MotoGP

Hamilton's F1 moves are a template for a MotoGP giant

by Valentin Khorounzhiy, Simon Patterson
6 min read

The way Lewis Hamilton rocked Formula 1 with his seemingly abrupt decision to leave Mercedes for Ferrari was always going to be ripe for comparisons to any other major team switch scenario that cropped up in other parts of motorsport or F1's future.

MotoGP's already had one equivalent with Marc Marquez exiting Honda for Gresini Ducati, and with the volatility of the rider market going into 2024 it's braced for plenty more.

But when Yamaha MotoGP boss Lin Jarvis cited both of Hamilton's shock F1 team moves (McLaren to Mercedes then Mercedes to Ferrari) in relation to Fabio Quartararo, he did it not in relation to the chance of his star rider leaving as Hamilton's leaving Mercedes, but in terms of how Yamaha could make sure it keeps him.

There are some surface parallels between Quartararo's current situation and Hamilton's at both McLaren (which he suddenly left for Mercedes in 2013) and Mercedes (which he will now swap for Ferrari in 2025).

Like Quartararo's Yamaha tenure, both of Hamilton's stints brought him no shortage of silverware - but, like Yamaha has in the last couple of seasons, both McLaren and Mercedes stagnated in the years leading up to Hamilton's decisions.

However, that is not the way Jarvis is looking at it. Instead, he sees the rival efforts to sign Hamilton as informative, specifically in the longer-term promise being prioritised.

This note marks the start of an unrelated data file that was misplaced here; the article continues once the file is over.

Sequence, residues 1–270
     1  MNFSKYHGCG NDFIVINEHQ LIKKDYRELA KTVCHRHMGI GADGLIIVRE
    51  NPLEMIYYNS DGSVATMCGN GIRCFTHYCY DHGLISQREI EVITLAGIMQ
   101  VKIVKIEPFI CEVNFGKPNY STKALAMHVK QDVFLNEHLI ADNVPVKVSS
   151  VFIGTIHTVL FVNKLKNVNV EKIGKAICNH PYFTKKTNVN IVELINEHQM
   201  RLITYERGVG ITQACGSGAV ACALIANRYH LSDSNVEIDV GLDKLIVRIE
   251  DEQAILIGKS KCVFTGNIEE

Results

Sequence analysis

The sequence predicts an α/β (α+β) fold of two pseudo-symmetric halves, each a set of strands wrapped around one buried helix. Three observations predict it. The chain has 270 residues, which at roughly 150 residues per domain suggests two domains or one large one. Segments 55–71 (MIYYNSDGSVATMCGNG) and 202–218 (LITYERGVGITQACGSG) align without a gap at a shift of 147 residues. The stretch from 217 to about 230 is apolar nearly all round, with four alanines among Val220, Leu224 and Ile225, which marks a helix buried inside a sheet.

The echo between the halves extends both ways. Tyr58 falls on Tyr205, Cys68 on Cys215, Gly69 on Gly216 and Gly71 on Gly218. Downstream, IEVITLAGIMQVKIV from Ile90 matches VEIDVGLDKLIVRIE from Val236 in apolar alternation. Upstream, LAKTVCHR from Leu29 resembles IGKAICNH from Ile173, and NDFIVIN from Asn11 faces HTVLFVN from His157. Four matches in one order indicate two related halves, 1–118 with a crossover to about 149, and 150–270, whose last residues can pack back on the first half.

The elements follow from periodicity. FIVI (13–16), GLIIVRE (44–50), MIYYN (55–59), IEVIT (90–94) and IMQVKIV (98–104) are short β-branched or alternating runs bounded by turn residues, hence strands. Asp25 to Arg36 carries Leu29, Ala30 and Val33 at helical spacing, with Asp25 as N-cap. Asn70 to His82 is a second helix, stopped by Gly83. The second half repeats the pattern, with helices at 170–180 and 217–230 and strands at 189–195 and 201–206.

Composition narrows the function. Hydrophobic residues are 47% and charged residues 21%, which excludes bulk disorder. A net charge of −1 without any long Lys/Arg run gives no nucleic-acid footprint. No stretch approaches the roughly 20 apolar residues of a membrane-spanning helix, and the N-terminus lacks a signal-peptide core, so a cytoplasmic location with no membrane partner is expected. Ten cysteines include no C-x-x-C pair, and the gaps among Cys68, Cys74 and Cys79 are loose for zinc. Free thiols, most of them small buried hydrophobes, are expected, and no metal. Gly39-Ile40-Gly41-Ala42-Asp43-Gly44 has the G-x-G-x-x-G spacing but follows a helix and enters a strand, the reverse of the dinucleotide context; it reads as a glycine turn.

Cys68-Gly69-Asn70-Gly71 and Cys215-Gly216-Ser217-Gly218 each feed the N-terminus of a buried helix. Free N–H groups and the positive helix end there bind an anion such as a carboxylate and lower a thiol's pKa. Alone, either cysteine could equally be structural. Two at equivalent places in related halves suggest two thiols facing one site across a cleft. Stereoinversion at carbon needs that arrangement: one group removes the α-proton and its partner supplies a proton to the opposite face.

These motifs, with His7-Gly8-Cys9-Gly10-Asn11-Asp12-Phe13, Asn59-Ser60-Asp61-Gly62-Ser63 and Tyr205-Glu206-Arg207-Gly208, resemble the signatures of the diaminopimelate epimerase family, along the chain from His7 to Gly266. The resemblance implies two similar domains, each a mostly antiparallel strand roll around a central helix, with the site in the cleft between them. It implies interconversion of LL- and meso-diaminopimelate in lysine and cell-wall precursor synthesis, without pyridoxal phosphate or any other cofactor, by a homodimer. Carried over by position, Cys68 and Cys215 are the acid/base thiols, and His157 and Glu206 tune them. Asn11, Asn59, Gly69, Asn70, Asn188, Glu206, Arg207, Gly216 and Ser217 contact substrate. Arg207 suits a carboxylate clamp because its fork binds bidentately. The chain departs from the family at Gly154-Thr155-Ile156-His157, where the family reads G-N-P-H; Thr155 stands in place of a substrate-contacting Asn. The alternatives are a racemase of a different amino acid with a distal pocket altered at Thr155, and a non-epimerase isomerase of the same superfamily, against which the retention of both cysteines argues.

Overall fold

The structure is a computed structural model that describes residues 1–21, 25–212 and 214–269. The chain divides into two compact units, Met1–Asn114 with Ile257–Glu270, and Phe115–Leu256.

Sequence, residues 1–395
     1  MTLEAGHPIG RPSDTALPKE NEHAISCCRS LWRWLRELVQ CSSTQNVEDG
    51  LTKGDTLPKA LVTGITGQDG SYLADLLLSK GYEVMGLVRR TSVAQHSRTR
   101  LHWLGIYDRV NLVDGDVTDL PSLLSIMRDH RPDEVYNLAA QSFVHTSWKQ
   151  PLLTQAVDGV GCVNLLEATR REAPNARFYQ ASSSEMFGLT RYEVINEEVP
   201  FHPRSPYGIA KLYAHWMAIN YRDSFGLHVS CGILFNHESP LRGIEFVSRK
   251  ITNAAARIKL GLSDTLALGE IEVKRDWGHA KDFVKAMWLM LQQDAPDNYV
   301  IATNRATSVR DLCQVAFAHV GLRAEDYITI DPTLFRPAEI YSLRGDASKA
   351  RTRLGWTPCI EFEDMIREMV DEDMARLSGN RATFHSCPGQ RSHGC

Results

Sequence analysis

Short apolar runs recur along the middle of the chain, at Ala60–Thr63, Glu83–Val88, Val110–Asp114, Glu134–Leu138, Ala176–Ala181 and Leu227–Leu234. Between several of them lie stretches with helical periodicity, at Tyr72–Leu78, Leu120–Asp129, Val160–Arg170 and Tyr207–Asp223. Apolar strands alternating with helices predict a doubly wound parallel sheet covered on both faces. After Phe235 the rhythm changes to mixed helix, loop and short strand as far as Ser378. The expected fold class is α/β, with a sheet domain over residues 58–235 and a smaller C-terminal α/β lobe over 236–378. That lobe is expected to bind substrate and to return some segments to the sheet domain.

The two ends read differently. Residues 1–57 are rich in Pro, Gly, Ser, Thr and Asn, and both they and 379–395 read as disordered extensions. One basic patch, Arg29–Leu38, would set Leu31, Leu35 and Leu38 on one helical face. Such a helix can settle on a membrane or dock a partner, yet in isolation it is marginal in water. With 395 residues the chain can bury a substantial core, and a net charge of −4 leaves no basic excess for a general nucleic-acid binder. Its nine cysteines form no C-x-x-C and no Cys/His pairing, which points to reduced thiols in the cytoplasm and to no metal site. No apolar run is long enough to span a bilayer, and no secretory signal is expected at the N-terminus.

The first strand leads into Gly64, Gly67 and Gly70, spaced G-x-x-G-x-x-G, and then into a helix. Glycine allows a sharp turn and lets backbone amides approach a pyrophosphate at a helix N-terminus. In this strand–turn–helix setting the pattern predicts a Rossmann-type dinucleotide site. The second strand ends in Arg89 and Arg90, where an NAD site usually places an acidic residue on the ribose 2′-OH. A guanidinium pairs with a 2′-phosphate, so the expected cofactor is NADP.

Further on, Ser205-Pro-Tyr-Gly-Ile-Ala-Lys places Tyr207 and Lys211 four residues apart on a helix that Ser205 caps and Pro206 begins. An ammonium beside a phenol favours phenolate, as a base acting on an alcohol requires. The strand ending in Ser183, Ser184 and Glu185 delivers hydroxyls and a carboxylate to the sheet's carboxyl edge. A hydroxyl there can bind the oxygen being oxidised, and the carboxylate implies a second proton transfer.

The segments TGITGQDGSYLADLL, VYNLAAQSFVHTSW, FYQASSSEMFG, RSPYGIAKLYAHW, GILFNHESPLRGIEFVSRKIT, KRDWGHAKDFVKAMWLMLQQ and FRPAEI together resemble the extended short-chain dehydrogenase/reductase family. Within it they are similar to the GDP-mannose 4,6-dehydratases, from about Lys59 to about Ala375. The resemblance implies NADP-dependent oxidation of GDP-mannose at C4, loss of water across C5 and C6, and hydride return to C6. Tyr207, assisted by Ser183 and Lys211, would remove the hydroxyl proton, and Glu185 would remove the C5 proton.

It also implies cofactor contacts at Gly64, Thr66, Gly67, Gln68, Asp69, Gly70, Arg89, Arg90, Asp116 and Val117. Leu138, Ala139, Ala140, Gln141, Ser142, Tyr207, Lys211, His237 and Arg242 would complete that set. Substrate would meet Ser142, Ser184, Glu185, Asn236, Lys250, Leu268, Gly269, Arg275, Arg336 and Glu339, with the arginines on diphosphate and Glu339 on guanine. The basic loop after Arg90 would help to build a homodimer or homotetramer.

"If we're not 100% competitive this year, we need to be convincing that [through] our investments, we are making progress," said Jarvis when asked about the task of keeping hold of Quartararo, whose Yamaha deal expires at the end of the current season.

"Because if you sign a contract, you don't sign a contract for the bike that you have. You sign it for the bike that you expect that you will have in the future.

"And it's interesting looking at Lewis Hamilton's change now. Because it's a big, ballsy change that he's making.

"And I do remember, and he quoted it this week himself, that he made a big change in 2013. When he went to Mercedes, a lot of people, including me, I also said, 'Really, are you sure?!'.

"Obviously he knew something, he had some confidence that they were putting in place what was necessary to be competitive in the future.